(Bordeaux) Not so long ago, Jasper Philipsen was nicknamed Jasper Disaster.
In the space of a week at the Tour de France, he transformed into Jasper The Master, relentlessly dominating the sprints.
The Belgian thus won a group sprint in Bordeaux to claim a third stage victory this year at the Tour de France, while the reigning champion of the event, Jonas Vingegaard, retained the yellow jersey of leader.
Philipsen clung to the wheel of Alpecin-Deceuninck teammate Mathieu van der Poel before deftly repelling an attack from veteran sprinter Mark Cavendish.
Philipsen has won every sprint so far this year, and he now has five career stage wins at the Grande Boucle. He also won two stages last year.
Biniam Girmay completed the podium.
“If you had told me that a week ago I would have called you crazy, but so far it’s been a dream for us, a dream Tour, and we just want to take advantage of the pace we’ve gotten and continue in this management,” Philipsen said. I believe that from now on, I can start dreaming of Paris, yes. »
Philipsen received his nickname from Alexander Kristoff, when they ran together, since he caused many falls.
“At the time he was a bit clumsy. And he forgot several things too, noted Kristoff in an interview with Het Laatste Nieuws. Then he lost his sunglasses, misplaced his toilet bag, and even his shoes. He was the cause of many disasters; it was a disaster. This nickname was only a joke, not an insult. »
Philipsen made no mistake when Cavendish moved up to the front of the pack as the sprint approached. He calmly clung to his wheel and eventually passed it to prevent the so-called Manx Missile from claiming a 35th career stage victory – which would be a record.
Cavendish had equaled Eddy Merckx’s mark of 34 stage victories during the Grande Boucle in 2021, 13 years after his first triumph. Cavendish, who has never won the Tour de France, unlike Merckx, will announce his retirement at the end of the campaign.
“He [Cavendish] was very powerful, and I wish he had won too, like everyone else I think,” Philipsen said. He is among the best, and he is in very good physical condition. »
There was no movement at the top of the general classification: Vingegaard still has a cushion of 25 seconds ahead of Slovenian Tadej Pogačar, two-time Tour de France champion. Jai Hindley remained in third place, 1 minute and 34 seconds behind the yellow jersey.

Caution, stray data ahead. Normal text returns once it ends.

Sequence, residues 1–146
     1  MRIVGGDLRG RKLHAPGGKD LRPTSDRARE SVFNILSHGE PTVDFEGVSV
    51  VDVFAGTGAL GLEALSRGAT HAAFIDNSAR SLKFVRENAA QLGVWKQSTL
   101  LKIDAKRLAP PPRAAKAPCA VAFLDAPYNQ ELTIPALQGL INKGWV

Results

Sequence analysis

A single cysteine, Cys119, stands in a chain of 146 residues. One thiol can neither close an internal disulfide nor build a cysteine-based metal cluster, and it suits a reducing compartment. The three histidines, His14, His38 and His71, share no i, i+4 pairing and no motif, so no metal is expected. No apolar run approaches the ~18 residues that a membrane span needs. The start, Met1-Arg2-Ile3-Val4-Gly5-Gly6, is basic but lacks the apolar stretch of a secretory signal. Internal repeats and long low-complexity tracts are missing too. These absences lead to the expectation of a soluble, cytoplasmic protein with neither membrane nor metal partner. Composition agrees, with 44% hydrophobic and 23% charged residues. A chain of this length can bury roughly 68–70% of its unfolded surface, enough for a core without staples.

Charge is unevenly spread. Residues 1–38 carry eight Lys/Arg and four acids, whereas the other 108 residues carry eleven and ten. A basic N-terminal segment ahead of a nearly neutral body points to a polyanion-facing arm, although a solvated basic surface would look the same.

For his part, Quebecer Guillaume Boivin stood out by finishing 35th in the main peloton. His Israel-Premier Tech teammates, Ontarian Michael Woods and Quebecer Hugo Houle, followed at 71st and 78th respectively.
In the cumulative standings, Woods is still the best representative of the Maple Leaf by virtue of his 32nd place, 24:32 behind Vingegaard. Houle and Boivin are 65th and 124th, in order.
The eighth stage which will take place on Saturday will link Libourne to Limoges, in the heart of France. There could be a breakaway, and this could set the stage for another chapter in the fight between Pogačar and Vingegaard on Sunday, during the ascent of the Puy de Dôme.
1. Jasper Philipsen (BEL/ADC) 169.9 km in 3 h 46 min 28 s (average: 45.1 km/h)2 Mark Cavendish (GBR/AST) 0 s3 Biniam Girmay (ERI/ICW) 0 s4 Luca Mozzato (ITA/ARK) 0 s5 Dylan Groenewegen (NED/JAY) 0 s6 Jordi Meeus (BEL/BOH) 0 s7 Phil Bauhaus (GER/TBV) 0 s8 Bryan Coquard (FRA/COF) 0 s9. Alexander Kristoff (NOR/UXT) 0 s10. Mads Pedersen (DEN/LTK) 0 s… 35. Guillaume Boivin (CAN/IPT) 0 s7 Hugo Houle (CAN/IPT) 15 s7 Michael Woods (CAN/IPT) 15 s
1. Jonas Vingegaard (DEN/TJV) 29 h 57 min 12 s2 Tadej Pogačar (SLO/UAD) at 25 seconds3 Jai Hindley (AUS/BOH) 1 min 34 s4 Simon Yates (GBR/JAY) 3 min 14 s5 Carlos Rodriguez (ESP/IGD) 3 min 30 s6 Adam Yates (GBR/UAD) 3 mins 40 s7 David Gaudu (FRA/GFC) 4 min 03 s8 Romain Bardet (FRA/DSM) 4 min 43 s9 Thomas Pidcock (GBR/IGD) 4 mins 43 s1 Sepp Kuss (USA/TJV) 5 min 28 s… 32. Michael Woods (CAN/IPT) 24 min 32 s6 Hugo Houle (CAN/IPT) 52 mins 15 s1 Guillaume Boivin (CAN/IPT) 1 h 25 min 15 s